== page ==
High Risk of Bleeding from Brain Blood Vessel Abnormalities during Pregnancy
Source Newsroom: Wolters Kluwer Health: Lippincott Williams and Wilkins
Experts Outline Recommended Approach for Pregnant Women with Arteriovenous Malformations
Newswise — Philadelphia, Pa. (August 7, 2012) – A new study supports what neurosurgeons have long suspected—that pregnancy is an important risk factor for bleeding from arteriovenous malformations (AVMs) in the brain, reports the August issue of Neurosurgery, official journal of the Congress of Neurological Surgeons. The journal is published by Lippincott Williams & Wilkins, a part of Wolters Kluwer Health.
The best available data suggest that pregnant women with AVMs face an eight percent risk of rupture and bleeding during pregnancy—far higher than the risk in non-pregnant women. Based on their findings, Bradley A. Gross, MD, and Rose Du, PhD, of Harvard Medical School outline some recommendations for women with AVMs who want to have children or are already pregnant.
Risk of AVM Bleeding Is Eight Times Higher During Pregnancy
Drs. Gross and Du reviewed the records of 54 women with confirmed AVMs between 2002 and 2010. Arteriovenous malformations are tangled complexes of interconnected arteries and veins that are prone to rupture and bleeding, which can lead to death or serious disability.
The researchers calculated the total risk of bleeding AVMs in terms of the total number of "patient-years" at risk. They then assessed the risk of bleeding events during the total time their patients were pregnant. The 54 patients had a total of 62 pregnancies during follow-up. Four of the women had a total of five bleeding events while pregnant.
Based on the data, the researchers calculated an AVM bleeding risk of 8.1 percent per pregnancy, or 10.8 per year. By contrast, the rate of bleeding while the women were not pregnant was 1.1 percent per year.
Thus the risk of bleeding from an AVM was about eight times higher during pregnancy. On analysis of follow-up data to age 40, the risk of bleeding during pregnancy appeared even greater—18 times higher.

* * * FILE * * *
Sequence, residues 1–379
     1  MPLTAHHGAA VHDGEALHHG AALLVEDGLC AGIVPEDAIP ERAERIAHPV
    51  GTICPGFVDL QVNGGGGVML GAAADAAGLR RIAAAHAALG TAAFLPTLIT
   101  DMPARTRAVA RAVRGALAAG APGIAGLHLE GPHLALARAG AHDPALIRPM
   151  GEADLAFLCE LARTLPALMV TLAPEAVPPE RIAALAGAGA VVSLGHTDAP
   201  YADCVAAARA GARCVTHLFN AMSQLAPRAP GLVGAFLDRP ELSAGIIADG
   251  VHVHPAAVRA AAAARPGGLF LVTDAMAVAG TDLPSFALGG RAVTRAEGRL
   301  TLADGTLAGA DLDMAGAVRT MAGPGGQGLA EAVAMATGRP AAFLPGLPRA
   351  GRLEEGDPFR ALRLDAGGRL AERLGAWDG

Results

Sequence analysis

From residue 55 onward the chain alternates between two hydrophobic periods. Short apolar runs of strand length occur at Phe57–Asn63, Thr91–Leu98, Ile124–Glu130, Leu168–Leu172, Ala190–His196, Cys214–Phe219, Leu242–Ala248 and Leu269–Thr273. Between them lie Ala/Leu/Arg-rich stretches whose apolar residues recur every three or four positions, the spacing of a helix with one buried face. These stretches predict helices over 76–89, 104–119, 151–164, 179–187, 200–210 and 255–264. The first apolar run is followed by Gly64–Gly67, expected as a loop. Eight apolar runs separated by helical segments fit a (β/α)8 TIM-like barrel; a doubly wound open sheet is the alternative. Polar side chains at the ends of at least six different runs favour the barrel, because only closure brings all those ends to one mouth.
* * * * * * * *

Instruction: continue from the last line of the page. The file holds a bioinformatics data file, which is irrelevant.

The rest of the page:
Neurosurgeons have long regarded pregnancy as a risk factor for bleeding AVMs. However, because ruptured AVMs are relatively rare, it is difficult to calculate the true risks.
Within the limitations of the data, the study strongly suggests that the risk of bleeding AVMs is substantially higher during pregnancy. In the authors' four cases, bleeding AVMs caused sudden headache and other symptoms between 22 and 39 weeks of pregnancy. With prompt treatment, all of the women and their infants survived (although one of the mothers was left with permanent disability).
Based on their findings, Drs. Gross and Du recommend treatment for any woman with an AVM who is considering having children—especially if they've previously had an episode of bleeding. If an unruptured AVM is discovered during pregnancy, they recommend "comprehensive patient counseling," discussing the risks of treatment versus "cautious continuation" of pregnancy without treatment.
When it's time for delivery, they recommend cesarean section. While noting that other doctors and hospitals may follow a different approach, Drs. Gross and Du hope their study and recommendations will "incite thought and invoke added caution in women with known, untreated AVMs planning to bear children."
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